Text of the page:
Monet was arrested while trying to document the attempts to set up a protest camp on allegedly private land near the Cannonball River by those who oppose the attempts of building a pipeline that would pass through the sacred land of the Sioux tribe. In order to prevent the setting up of the camp, the Morton County police reacted by putting up barricades around that area. The police asked the journalist to leave that area, which she was intending on doing and started to walk away, but she was arrested anyway, as the journalist herself said in an interview. Monet added that she reported from a distance and that she identified herself as a journalist on assignment, but the police officer just loaded her on a school bus and held her there for seven hours with other women, after which she was taken to the county prison.
Spokesman for the Morton County Sheriff’s Department, Rob Keller, stated that the department respects the important role journalists play in democracy and in the coverage of the Dakota Access pipeline protest, adding that he could not comment on the circumstances of the journalist’s arrest.
For Fairpress, Jenni Monet referred to the arrest and the charges against her.
I was arrested for simply doing my job: reporting and responsibly exercising my constitutional right to free speech.
Now more than ever, journalism matters, as we observe, pursue questions and share fact-based information in a pursuit to build a more meaningful democracy. I’m hopeful that Morton County will dissolve my charges of criminal trespassing and “engaging in a riot” for the integrity of North Dakota.
I’ve been writing from all sides about the movement at Standing Rock since early September and have formed respectful relations with all parties including local law enforcement, state political leaders, and the energy companies. When I disclosed to police that I was a journalist upon my arrest, my 40-hour detention should have ended there. But it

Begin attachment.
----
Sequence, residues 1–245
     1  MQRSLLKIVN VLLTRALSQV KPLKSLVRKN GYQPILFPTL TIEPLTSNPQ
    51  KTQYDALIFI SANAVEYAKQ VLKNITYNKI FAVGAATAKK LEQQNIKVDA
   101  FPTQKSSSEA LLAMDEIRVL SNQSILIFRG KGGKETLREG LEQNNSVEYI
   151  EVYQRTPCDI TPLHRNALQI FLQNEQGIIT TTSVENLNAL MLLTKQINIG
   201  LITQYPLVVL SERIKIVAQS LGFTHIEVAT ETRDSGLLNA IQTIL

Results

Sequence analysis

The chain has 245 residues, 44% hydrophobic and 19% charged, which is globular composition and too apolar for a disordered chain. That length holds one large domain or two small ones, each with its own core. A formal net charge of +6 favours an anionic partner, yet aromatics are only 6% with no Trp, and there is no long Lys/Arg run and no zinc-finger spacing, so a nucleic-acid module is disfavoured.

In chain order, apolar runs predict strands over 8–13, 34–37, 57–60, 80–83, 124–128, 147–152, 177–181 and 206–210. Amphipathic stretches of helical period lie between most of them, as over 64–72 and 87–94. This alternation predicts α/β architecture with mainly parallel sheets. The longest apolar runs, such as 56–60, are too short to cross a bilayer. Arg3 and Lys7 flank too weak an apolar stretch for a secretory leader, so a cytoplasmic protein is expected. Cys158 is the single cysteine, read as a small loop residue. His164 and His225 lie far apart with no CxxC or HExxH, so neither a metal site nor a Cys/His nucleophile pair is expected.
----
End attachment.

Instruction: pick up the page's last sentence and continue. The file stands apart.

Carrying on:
didn’t. Now I formally call on my charges to be dismissed at once.
As has been repeated several times, the movement at Standing Rock is about more than just a pipeline. It has been an ongoing fight against injustices of all stripes, even for journalists. I am grateful to all in the journalism community who have expressed their support for me, Jenni Monet.
Mark Trahant, professor of journalism at the University of North Dakota who also covered the protests, commented the arrest of his colleague for Fairpress:
I think it’s outrageous and an attack on the First Amendment. It was bad enough for her to get arrested. It’s incomprehensible that she was actually charged with crimes.
Namely, the situation in Standing Rock was additionally complicated with Trump’s signing of an executive order on January 24 this year for the controversial Dakota Access pipeline project to be reviewed and approved in an expedited manner, which Fairpress reported on earlier.
This act of the president prompted many to express their disagreement with such a decision via a protest in New York on that same day; along pipeline routes across the USA, more and more protests started springing up. As a result of the president’s order, the Sioux tribe from Standing Rock reacted, declaring it utterly alarming. David Archambault II, chairman of the Sioux tribe, sent a letter in which he asked for a meeting with the president and in which he warned that rushing with the implementation of this project would mean violating the law, considering that it now requires an Environmental Impact Statement.
To recall, for some time now, protests have been going on, attempting to stop the construction of the Dakota Access pipeline which would run through the Standing Rock reservation. The police brutally handled those who participated in the peaceful protests; many journalists were also arrested, among them was film producer and journalist Deia Schlosberg and journalist Erin Schrode, who was shot by police with a rubber bullet while she was interviewing a participant of the peaceful protest in Standing Rock.